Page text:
By Bishop J. Douglas Deshotel
Special to The Texas Catholic
The opening words of the Letter to the Hebrews in the New testament tells us, “In times past, God spoke in partial and various ways to our ances¬tors and through the prophets; in these last days, he spoke to us through a son, whom he made heir of all things and through who he created the universe, who is the refulgence of his glory, the very imprint of his being and who sustains all things by his mighty word.”.
Those words explain how all his¬tory revolves around the central point of God completely making himself known to us in the person of Jesus Christ. All history before the coming of Christ was in preparation for his entrance into our world; all history since his coming is a reflection back on this miraculous event. Jesus Christ is the Son of God, the second person of the most Holy Trinity who assumed a human nature, was conceived in the womb of the Blessed Virgin Mary by the power of the Holy Spirit. He is completely God, having the same nature as the Father. At the same time, he is completely a human being, body and soul. Although he has two natures, he is the one person Jesus Christ.
This ancient formula of the church explains how we know of God in the person of Jesus Christ. When St. Phillip asked our Lord, “Lord, show us the Father”, Jesus answered him, “Phillip, he who has seen me, has seen the Father”. In the Gospels, our Lord declared several times, “the Father and I are one”. While Jesus is one with the Father, he is also completely human in all things but sin. From the Second Vatican Council we read, “The Son of God…worked with human hands; he thought with a human mind. He acted with a human will, and with a human heart he loved. Born of the Virgin Mary, he has truly been made one of us, like to us in all things except sin.”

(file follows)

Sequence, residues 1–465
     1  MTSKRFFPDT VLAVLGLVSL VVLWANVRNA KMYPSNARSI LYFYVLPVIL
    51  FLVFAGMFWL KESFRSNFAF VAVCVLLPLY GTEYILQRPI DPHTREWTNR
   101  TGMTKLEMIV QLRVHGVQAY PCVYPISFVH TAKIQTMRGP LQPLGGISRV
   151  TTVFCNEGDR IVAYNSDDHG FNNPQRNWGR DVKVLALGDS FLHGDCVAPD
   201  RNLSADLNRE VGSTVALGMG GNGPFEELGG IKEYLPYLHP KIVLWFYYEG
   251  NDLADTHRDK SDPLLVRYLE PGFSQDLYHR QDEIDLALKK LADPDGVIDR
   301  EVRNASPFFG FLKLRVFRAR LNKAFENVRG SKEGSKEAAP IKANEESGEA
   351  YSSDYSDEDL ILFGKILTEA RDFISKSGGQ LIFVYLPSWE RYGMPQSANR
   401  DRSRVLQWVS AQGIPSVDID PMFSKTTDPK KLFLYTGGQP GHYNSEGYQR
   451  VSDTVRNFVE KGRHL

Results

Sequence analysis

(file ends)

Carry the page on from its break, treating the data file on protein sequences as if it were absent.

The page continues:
In this union of divine nature and human nature in the one person of Jesus Christ we are given the beautiful teaching of our faith, the Incarnation. To restore the human race back to himself, God became one of us. God shared in our human nature that we might share in his life. In the person of Jesus Christ, God walked in our shoes that he might tell us, “I understand, I’ve been there.” Our Blessed Lord was hungry and thirsty, he grew tired, he was happy and enjoyed friendship, he experienced the limitations of our human body, he was lonely, he knew pain and suffering, he even underwent death as we do. But as God he conquered death and calls us, “follow me, I will show you the way to true and everlasting life”. He tells us that now we too will conquer death just as he did. Remember what he told St. Martha when Lazarus had died, “Your brother will rise … I am the resurrec¬tion and the life, he who believes in me will never die”. That is because as God, Jesus Christ conquered the ancient enemy of our human race: sin and death.
It is comforting to know that the God we hope to spend all eternity with is the same one who loved us enough to die for us. The God to whom we will give an account of our lives is the same as the father who welcomed the prodigal son home, promised paradise to the thief on the cross and forgave the sinful woman. The God who brought us into being, gave us the story of the Good Samaritan, fed the hungry, spoke the Sermon on the Mount and healed the sick and suffering. We know who God is because of Jesus Christ: the ultimate Revelation of God.
The Most Rev. J. Douglas Deshotel is an auxiliary bishop, vicar general and moderator of the Curia for the Diocese of Dallas